More than 30 years ago a group of Hindu worshippers had an ambitious plan to build a giant temple in their part of the West Midlands.
By Douglas Marshall
BBC News, Tividale
The temple is a replica of one of the holiest sites in the Hindu world
Now, after decades of searching for a site, a flirtation with bankruptcy and furious opposition from some locals, the founders say their dreams have come true.
They have built the Shri Venkateswara (Balaji) Temple, which is the largest Hindu temple in Europe.
And during the next five days more than 10,000 devotees are expected there as ceremonies are carried out to sanctify the building.
One of the founders, Dr K Somasundara Rajah, said he remembered the idea from the mid-1970s.
He said: "We used to have the use of another temple but then the congregation got bigger and in 1974 some of our group thought we should get our own temple. We said we should build a replica of the Tarupati Temple in South India."
That temple is one of the most sacred sites in the Hindu world and has a distinctive architecture that has been followed in the West Midlands.
The group spent more than two decades trying to get funding and finding a suitable site for the replica.
Eventually, in 1987, the then Black Country Development Corporation gave them the 13-acre site in Dudley Road East in Tividale, which had formerly been a tip.
Crucially the land came with planning permission in place for a temple.
"In spite of this we had a lot of opposition from the locals - there were rumours that dead bodies were going to turn up in the river," said Dr Rajah.
"We organised a meeting and nearly got lynched. But we went ahead with it anyway."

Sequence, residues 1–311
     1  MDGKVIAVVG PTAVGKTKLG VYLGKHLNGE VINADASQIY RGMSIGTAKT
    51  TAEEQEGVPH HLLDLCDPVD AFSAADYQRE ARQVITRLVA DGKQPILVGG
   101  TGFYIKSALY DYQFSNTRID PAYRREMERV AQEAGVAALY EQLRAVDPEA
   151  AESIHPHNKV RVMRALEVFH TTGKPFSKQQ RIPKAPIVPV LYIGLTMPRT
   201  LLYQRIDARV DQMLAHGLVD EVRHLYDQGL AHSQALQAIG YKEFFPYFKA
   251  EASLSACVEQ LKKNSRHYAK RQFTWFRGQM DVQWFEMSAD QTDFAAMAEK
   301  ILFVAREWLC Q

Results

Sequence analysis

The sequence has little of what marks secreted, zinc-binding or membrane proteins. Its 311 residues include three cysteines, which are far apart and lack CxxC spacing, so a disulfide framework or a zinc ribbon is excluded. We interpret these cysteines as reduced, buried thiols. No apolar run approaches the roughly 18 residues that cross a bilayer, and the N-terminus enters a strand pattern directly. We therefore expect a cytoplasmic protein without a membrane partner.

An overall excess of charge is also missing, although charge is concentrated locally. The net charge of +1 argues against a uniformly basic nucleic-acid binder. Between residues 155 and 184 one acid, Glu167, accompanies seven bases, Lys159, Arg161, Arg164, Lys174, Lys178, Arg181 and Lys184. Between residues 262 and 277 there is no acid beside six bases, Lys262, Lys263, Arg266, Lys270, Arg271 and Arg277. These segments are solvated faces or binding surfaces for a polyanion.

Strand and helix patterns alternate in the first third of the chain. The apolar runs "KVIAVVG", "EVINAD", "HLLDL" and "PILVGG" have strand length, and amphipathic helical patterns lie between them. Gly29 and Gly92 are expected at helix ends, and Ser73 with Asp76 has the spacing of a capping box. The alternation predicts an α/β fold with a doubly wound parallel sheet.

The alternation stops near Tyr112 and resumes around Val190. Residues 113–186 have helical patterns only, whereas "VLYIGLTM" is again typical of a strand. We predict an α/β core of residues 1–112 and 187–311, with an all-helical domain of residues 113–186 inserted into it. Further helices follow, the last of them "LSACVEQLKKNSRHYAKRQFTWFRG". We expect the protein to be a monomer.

He said they wondered at times if they were too ambitious, and three of the founders had to put in £100,000 each to stop the temple going bankrupt.
"It came from small beginnings and it is wonderful seeing it being celebrated. It is a dream come true for all of us," said Dr Rajah.
Doctors Rajah and Rao have spent 30 years planning the temple
Scores of sculptors from India have worked on intricate carvings of Hindu deities which adorn the walls, pillars, ceilings and roof of the temple.
It has cost £6.5m to build and will need a further £1m to complete the landscaping around the temple, which is dedicated to Lord Balaji, an incarnation of the god Vishnu.
Some 15 priests have flown in from India and will perform ancient rituals in Sanskrit, calling on the gods to enter the temple, during the five-day festival.
Dr VP Narayan Rao, the founding chairman of the temple, said: "With the chanting of the Sanskrit only these people can do it. They are trained from the age of seven.
"They will also climb on to the roof of the temple and pour holy water over the whole building. Then it will be a sacred building."